The Evolution of Scopus: From Inception to Global Recognition

Scopus is a leading abstract and citation database, indexing over 75 million records from 25,000+ titles. It provides a comprehensive global research overview covering sciences, social sciences, arts, and humanities.


Scopus’ importance lies in its ability to track research impact, facilitate collaboration, and inform research policy, making it a vital tool for academics, researchers, and institutions.

What Is Open Access Publication?

Open access (OA) publication makes research available online, free of charge, and without subscription or access barriers. Authors or funders pay publication costs, ensuring everyone can read, share, and build upon the research.


OA promotes knowledge dissemination, advances discovery, and benefits society by making research more accessible and inclusive. Open access examples include DOAJ (Directory of Open Access Journals), arXiv (physics and math preprints), PLOS (Public Library of Science), BioMed Central, ScienceDirect Open Access, and Hindawi.

The Early Years (1999-2004)

Elsevier conceived Scopus in 1999 as a response to the growing need for a comprehensive citation database. Developed over five years, Scopus aimed to provide a robust platform for researchers, authors, and institutions to track research output and impact.

Launch and Expansion (2004-2007)

Scopus officially launched in 2004, initially indexing 12,000 titles. Rapid growth and expansion followed, with the database increasing to 15,000 titles by 2007.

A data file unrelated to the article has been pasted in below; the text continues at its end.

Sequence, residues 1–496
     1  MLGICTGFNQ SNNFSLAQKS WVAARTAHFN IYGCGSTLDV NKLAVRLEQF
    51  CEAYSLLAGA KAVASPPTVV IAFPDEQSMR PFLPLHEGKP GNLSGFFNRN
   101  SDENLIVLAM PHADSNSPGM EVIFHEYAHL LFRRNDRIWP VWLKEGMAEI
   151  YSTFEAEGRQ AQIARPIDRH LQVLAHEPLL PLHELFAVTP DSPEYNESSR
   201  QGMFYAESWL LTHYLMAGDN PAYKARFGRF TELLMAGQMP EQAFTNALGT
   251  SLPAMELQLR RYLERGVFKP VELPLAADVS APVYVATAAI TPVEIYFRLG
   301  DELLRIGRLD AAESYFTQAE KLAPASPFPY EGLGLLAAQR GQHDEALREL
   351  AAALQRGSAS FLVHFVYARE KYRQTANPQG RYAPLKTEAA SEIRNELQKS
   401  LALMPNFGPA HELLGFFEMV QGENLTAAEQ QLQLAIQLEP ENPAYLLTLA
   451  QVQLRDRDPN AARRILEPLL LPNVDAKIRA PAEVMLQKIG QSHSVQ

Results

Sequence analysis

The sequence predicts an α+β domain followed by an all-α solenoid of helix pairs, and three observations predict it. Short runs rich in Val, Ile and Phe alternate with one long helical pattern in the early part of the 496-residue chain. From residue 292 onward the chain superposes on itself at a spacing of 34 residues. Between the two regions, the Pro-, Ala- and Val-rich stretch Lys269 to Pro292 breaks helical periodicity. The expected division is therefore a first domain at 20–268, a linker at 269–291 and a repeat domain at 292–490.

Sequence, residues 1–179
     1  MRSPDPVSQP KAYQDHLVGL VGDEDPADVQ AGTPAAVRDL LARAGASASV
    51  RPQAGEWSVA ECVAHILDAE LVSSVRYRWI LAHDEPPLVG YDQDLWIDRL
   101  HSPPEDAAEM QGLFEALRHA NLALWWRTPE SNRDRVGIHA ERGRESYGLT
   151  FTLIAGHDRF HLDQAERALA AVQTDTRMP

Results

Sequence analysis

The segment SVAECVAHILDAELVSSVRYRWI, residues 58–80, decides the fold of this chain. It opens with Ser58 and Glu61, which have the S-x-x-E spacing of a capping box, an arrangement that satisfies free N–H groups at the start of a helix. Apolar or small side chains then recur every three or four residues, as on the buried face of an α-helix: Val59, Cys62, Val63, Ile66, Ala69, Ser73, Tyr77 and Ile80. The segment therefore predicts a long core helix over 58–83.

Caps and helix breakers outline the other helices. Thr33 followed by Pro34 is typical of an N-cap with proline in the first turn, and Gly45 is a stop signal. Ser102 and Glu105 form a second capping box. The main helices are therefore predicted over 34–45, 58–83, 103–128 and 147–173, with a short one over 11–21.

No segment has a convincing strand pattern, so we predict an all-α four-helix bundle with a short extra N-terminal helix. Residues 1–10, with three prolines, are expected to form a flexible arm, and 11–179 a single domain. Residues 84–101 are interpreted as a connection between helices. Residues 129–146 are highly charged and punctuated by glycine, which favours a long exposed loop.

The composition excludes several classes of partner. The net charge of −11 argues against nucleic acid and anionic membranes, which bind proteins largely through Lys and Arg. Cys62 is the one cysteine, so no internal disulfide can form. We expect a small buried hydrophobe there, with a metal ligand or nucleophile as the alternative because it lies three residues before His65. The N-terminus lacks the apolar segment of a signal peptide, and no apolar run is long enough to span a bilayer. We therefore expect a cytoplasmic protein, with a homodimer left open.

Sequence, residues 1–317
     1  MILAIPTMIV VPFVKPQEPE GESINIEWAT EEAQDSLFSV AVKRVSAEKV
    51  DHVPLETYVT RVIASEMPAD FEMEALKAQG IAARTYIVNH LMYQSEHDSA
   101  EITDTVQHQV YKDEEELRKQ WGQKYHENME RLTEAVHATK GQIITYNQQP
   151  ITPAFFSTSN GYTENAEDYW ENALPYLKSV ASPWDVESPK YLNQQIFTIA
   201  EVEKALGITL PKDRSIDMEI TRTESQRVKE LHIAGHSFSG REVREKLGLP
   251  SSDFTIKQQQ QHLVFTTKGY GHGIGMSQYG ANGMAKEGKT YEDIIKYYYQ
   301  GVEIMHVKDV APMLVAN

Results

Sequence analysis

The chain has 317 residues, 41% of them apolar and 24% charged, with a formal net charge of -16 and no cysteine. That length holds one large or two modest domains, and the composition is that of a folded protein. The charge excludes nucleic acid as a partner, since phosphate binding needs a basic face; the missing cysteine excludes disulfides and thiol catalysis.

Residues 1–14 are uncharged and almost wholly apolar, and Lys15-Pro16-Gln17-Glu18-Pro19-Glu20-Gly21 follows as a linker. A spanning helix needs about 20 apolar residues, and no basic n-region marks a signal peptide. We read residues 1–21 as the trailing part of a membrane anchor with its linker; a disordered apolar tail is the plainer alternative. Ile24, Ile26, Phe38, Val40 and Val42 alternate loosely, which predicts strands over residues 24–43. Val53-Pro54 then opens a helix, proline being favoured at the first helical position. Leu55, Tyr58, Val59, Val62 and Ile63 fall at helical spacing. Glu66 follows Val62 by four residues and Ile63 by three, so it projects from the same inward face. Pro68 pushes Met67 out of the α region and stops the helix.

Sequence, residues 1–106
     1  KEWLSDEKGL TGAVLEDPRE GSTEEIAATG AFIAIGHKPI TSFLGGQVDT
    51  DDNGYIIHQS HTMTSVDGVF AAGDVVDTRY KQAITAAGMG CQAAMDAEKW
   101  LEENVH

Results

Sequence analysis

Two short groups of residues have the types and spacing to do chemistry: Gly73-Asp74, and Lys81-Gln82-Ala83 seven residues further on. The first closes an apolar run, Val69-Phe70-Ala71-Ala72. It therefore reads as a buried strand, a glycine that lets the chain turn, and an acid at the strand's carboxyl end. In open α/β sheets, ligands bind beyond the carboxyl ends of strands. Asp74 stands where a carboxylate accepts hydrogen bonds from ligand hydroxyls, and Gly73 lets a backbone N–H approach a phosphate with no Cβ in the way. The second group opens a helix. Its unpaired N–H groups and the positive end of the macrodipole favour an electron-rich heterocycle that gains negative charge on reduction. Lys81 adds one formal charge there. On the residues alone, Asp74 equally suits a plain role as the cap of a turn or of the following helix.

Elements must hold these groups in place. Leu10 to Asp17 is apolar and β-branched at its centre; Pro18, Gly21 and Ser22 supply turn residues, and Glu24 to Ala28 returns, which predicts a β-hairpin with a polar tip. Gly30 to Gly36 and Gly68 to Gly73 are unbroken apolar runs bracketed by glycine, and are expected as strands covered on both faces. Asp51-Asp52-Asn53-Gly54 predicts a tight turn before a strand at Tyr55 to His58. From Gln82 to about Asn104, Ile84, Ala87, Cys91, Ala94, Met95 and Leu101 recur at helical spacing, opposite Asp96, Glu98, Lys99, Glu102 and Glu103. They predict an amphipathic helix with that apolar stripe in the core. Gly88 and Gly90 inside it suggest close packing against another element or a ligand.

Innovations and Milestones (2007-2012)

This period saw the introduction of new features and tools, such as the Scopus Citation Tracker and the h-index calculator. Scopus reached milestones in coverage (30,000 titles) and users (1 million).

Global Recognition and Adoption (2012-2018)

Scopus gained increased recognition and adoption by academic institutions and researchers worldwide. It solidified its position as a leading citation database, often compared to Web of Science.


Scopus continued to innovate and expand, cementing its role in the academic community.

Recent Developments and Future Directions (2018-Present)

Scopus has continued to evolve, introducing new features like the Author Identifier, improved search functionality, and expanded coverage of emerging fields.


Plans include integrating artificial intelligence, natural language processing, and machine learning to enhance search and discovery and expand its dataset to include more diverse research outputs.

Is It Good to Publish in Open-Access Journals?

Publishing in open-access journals can be beneficial, as it increases research visibility, accessibility, and impact. Open-access journals offer high-quality peer review, rapid publication, and compliance with funding agencies‘ requirements.


However, authors should carefully select reputable open-access journals to avoid predatory publishing and ensure the integrity of their research.

Is Open Access Free to Publish?

While open access makes research accessible to readers, authors may need to pay an article processing charge (APC) to publish. Depending on the journal and publisher, APCs can range from $500 to $5,000 or more. Some funders and institutions cover APCs, while others may not.

How Do We Publish on OA Platforms?

To publish on open access (OA) platforms, authors submit their manuscripts to an OA journal or repository. The process typically involves:

  1. Selecting an OA platform.
  2. Preparing the manuscript according to author guidelines.
  3. Submitting the manuscript.
  4. Peer review.
  5. Payment of article processing charges (APCs) if applicable.
  6. Publication.


In conclusion, Scopus has revolutionized the academic landscape since its inception, evolving from a citation database to a comprehensive research platform. Its impact on the educational community is evident in its widespread adoption, improved research visibility, and informed decision-making.




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